Treatment options vary depending on whether you have bronchitis or asthma and the severity of the condition.
Acute bronchitis generally clears up on its own, usually within 14 days.
If it doesn’t, your doctor may prescribe an antibiotic to help with breathing.
Treatment of chronic bronchitis may include:
- Pulmonary rehabilitation: A breathing exercise program guided by a respiratory therapist.
- Oxygen therapy: An effective in-home or hospital treatment option for people with low levels of oxygen in their blood. In this treatment, oxygen can be delivered through oxygen concentrators, oxygen-gas cylinders, and liquid-oxygen devices.
- Medication: Your doctor may recommend steroid treatments or bronchodilator medications to help open narrowed passages in your lungs.
If you’re having trouble breathing at any point or unsure about which condition your symptoms indicate, reach out to your healthcare provider for care.
Because asthma is a chronic condition, treatment is often an ongoing process and can include:
- Behavior modifications: Quitting smoking and avoiding environmental and allergenic triggers when possible.
- Quick-relief inhalers: Used to offer immediate relief during an asthma attack. Examples of quick-relief inhalers include albuterol (AccuNeb), prednisolone (Pediapred), and metaproterenol.
- Long-term medication: Used to treat symptoms and prevent future asthma attacks. Examples of long-term medications for asthma include formoterol and budesonide (Symbicort), omalizumab, and beclomethasone.
Working with your doctor can help determine which asthma treatment options will be most helpful for you and your asthma.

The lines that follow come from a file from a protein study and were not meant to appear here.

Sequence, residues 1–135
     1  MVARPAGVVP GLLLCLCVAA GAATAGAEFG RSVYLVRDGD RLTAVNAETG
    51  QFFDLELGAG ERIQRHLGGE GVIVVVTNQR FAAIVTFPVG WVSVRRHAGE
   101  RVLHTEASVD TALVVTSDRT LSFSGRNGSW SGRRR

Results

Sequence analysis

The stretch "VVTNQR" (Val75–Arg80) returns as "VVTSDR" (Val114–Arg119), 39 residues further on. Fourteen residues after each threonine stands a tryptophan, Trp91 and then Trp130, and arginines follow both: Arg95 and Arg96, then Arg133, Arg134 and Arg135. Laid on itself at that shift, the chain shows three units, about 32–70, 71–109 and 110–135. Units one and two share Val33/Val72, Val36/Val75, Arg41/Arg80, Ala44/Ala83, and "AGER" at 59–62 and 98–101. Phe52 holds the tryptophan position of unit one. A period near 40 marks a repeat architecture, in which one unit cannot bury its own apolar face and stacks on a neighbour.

It’s important to note that the right treatment plan will depend on your age, the severity of your symptoms, and your unique triggers.
Keeping an asthma diary can help you and your doctor recognize triggers and make a specialized treatment plan.
The best things you can do to prevent acute bronchitis are to practice good hygiene (including frequent hand washing and avoiding close contact with others who may be sick with the cold or flu) and speaking with a doctor as soon as you experience symptoms.
When left untreated, bronchitis can lead to pneumonia, a more serious illness.
For many people, asthma cannot be prevented, especially when symptoms are caused by predetermined factors like genetics and environment.
However, there are some lifestyle modifications that can help prevent to asthma attacks and lessen symptoms:
- Quit smoking: If you’re a smoker, quitting is one of the best things you can do to reduce your symptoms and improve your lung health.
- Breathing exercises: When used effectively, these exercises can reduce the amount of medication needed to manage your symptoms.
- Avoid known triggers: Including environmental or allergies
- Stress management techniques: Including yoga and mindfulness
- Certain natural supplements: Including vitamin D, caffeine, choline and magnesium.
- Clean your home regularly: If dust, pollen, or mold triggers your symptoms, cleaning your home regularly (and using an air purifier or air conditioner) can help.
- Avoid exposure to cold air: Covering your face when you’re exposed to cold air can help if weather changes exacerbate your asthma.
- Regular exercise: If needed, talk with your doctor about how you can get regular exercise safely, which can work to strengthen your heart and lungs and relieve asthma symptoms.
- Control heartburn and gastroesophageal reflux disease (GERD): If you suffer from frequent heartburn, talk to your provider about how to manage the condition, which can reduce asthma symptoms.
When to See a Doctor
If you’re unsure whether or not your symptoms indicate bronchitis or asthma, reach out to a provider for care.
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Frequently Asked Questions
K Health articles are all written and reviewed by MDs, PhDs, NPs, or PharmDs and are for informational purposes only. This information does not constitute and should not be relied on for professional medical advice. Always talk to your doctor about the risks and benefits of any treatment.
K Health has strict sourcing guidelines and relies on peer-reviewed studies, academic research institutions, and medical associations. We avoid using tertiary references.
Aspirin-induced asthma: clinical aspects, pathogenesis and management. (2004).
Oxygen Therapy for Patients With COPD. (2010).
Oxygen Treatment for Chronic Obstructive Pulmonary Disease (COPD). (2020).